"Chinese society is still relationship based: the more key players you know, the greater your chances of expediting the process...
Finally, because registration, price setting, bidding and listing take such a long time, it helps to start all processes at the same time. Lining up NDRC and provincial advocates in advance of product approval means that you will be on the fast track to market access as soon as you get the green light from the CFDA. If you instead proceed in a linear, step-by-step fashion, you will be chasing provincial regulators long after other companies are prescribing their products to Chinese patients.
Retail pricing and reimbursement
Pricing and reimbursement are key factors that determine success in the Chinese marketplace. Once your product has been approved by the CFDA, it can take another 15 months for that product to reach prescribing physicians. An average timeline would be: 4 - 5 months to obtain retail price approval, 3 - 5 months to win provincial bidding and 3 - 5 months to attain hospital listing.
The first phase — retail price approval — is handled jointly by the NDRC and the Ministry of Health (MOH) or the Ministry of Human Resources and Social Security (MoHRSS). The ministries first determine which drugs will be nationally reimbursed, after which the NDRC is in charge of setting retail prices.
There are two main drug lists in China: the Essential Drug List (EDL), which consists of 502 drugs fully reimbursed by the national government; and the Nationally-Reimbursed Drug List (NDRL), parts A and B. List A overlaps with the EDL, and consists of drugs 100 percent reimbursed by the national government. List B includes premium, high-price drugs partially reimbursed by national and provincial governments.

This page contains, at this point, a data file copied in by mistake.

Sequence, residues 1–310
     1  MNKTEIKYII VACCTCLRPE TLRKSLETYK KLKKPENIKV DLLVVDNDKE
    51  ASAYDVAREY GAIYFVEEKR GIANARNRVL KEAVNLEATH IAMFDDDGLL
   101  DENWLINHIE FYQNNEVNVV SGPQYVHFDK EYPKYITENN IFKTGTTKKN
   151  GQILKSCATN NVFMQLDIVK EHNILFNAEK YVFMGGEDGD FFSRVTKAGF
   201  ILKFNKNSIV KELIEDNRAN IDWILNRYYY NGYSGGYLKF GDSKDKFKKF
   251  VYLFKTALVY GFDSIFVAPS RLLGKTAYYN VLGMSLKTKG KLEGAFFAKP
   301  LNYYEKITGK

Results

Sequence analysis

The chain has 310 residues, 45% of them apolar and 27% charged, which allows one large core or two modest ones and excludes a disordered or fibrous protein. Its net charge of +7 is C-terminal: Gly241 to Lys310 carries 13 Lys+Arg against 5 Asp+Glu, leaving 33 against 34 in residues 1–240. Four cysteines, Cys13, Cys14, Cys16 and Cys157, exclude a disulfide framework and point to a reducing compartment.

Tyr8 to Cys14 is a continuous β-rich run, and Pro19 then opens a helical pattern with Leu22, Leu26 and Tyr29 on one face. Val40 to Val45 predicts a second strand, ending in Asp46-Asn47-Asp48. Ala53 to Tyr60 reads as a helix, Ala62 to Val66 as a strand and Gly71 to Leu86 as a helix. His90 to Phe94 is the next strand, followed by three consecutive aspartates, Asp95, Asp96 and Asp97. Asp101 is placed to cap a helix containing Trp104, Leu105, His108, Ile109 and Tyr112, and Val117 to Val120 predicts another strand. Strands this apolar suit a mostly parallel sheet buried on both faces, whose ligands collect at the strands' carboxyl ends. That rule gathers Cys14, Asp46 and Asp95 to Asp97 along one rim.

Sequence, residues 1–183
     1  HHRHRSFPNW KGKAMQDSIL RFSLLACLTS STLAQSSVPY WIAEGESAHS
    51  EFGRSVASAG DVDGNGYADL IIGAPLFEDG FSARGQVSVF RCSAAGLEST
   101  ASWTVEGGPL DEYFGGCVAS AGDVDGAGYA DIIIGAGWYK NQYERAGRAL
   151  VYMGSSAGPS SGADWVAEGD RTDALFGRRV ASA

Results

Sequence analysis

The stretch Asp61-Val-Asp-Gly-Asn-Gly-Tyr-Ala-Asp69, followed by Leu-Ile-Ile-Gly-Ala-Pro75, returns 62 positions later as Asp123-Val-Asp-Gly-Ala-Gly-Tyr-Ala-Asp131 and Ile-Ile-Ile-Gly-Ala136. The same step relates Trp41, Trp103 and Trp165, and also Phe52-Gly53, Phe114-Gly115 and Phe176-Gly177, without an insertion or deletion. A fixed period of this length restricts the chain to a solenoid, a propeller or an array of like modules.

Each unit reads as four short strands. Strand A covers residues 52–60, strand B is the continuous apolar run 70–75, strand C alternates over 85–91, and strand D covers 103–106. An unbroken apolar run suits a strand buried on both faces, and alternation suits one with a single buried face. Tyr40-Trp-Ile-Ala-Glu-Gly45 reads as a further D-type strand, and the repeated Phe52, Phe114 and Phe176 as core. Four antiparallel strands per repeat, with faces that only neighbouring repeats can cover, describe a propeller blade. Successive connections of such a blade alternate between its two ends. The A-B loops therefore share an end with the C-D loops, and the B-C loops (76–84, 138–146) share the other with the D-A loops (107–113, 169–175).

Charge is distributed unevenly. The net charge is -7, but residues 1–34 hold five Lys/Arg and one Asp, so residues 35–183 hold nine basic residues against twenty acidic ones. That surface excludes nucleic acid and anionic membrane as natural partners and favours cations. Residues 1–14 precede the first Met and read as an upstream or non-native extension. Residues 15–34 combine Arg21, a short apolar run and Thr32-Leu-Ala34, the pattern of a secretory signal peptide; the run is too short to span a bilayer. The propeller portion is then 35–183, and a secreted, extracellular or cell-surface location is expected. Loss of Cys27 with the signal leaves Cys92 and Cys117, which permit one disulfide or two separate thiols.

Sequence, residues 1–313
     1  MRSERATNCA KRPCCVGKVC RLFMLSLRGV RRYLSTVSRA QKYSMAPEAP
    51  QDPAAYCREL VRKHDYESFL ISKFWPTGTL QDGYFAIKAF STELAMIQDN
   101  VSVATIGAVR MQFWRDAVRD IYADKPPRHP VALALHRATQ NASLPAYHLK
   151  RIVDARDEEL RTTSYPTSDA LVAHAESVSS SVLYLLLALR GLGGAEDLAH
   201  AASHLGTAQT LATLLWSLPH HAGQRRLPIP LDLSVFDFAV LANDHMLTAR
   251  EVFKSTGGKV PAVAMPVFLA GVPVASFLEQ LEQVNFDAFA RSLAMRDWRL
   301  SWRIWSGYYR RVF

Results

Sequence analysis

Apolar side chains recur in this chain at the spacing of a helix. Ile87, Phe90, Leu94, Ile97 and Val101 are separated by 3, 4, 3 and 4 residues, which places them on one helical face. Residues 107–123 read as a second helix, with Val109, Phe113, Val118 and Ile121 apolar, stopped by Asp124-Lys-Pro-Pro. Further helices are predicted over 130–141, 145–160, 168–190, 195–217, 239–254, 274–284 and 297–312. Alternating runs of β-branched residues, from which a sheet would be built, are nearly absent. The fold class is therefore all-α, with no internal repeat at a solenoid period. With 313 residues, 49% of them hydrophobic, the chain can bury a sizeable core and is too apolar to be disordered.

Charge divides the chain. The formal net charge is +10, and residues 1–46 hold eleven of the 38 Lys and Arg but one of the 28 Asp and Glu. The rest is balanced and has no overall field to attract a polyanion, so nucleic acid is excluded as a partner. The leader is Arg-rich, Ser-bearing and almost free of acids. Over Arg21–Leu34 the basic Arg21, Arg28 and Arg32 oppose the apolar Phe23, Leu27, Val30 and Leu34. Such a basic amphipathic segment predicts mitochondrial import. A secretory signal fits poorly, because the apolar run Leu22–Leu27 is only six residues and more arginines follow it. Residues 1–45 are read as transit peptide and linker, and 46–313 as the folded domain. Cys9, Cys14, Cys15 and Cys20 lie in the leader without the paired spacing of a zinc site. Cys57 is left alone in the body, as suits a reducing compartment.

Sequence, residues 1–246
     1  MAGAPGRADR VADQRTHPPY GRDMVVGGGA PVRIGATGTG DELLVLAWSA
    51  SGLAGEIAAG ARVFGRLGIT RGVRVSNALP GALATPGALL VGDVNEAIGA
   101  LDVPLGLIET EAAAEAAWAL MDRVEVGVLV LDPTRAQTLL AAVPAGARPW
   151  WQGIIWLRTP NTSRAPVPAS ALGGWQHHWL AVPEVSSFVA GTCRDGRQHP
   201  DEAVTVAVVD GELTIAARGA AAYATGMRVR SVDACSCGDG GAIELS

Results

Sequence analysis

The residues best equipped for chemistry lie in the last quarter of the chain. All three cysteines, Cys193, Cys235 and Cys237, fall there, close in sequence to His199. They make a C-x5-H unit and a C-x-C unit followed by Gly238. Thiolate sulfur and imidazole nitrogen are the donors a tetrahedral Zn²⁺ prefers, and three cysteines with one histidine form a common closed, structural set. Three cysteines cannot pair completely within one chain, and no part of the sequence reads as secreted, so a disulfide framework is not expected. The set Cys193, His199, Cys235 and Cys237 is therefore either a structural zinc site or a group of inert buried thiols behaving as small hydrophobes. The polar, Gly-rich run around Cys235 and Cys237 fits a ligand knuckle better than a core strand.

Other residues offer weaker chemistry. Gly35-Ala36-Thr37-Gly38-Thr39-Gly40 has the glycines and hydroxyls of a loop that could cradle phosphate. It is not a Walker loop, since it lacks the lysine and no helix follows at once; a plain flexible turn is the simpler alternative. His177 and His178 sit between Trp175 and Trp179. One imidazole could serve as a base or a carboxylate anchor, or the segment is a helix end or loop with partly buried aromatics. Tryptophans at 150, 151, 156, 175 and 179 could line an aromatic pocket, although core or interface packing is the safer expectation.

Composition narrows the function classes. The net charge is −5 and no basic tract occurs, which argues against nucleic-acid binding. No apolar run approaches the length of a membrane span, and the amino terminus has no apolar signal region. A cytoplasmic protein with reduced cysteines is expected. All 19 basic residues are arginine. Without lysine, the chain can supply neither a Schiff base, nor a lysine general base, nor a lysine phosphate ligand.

Because the NDRC has lately instituted a series of significant retail price cuts, many multinationals are now questioning whether they want their drugs even included on these lists. Unlisted drugs are not priced by the NDRC, but neither are they eligible for reimbursement. Therefore, you should carefully consider the trade-off between higher sales volume (for listed products) and higher per-unit price (for unlisted products) when developing your market entry strategy.
"...many multinationals are now questioning whether they want their drugs even included on these lists."
Pharmaceutical companies are not an official part of the price-setting process. Instead, key government officials and pharmaceutical experts meet once every four years to determine which drugs are included on the EDL and NDRL. Consultants are very important in reaching out to panel experts, who include top pharmacists, health economists, health insurance experts and opinion leaders in different disease areas. During the price-setting process, these experts are "quarantined", so reaching out to them at least one year in advance of their group examination is crucial.
Bidding and hospital listing
The second phase to market access — provincial bidding — is the process by which drugs enter Chinese distribution channels. Once or twice a year, each province calls for foreign and local manufacturers to submit bids on specific drugs. A tendering committee of pharmacists, local government officials and NDRC representatives then decides which manufacturers may distribute their products in the province.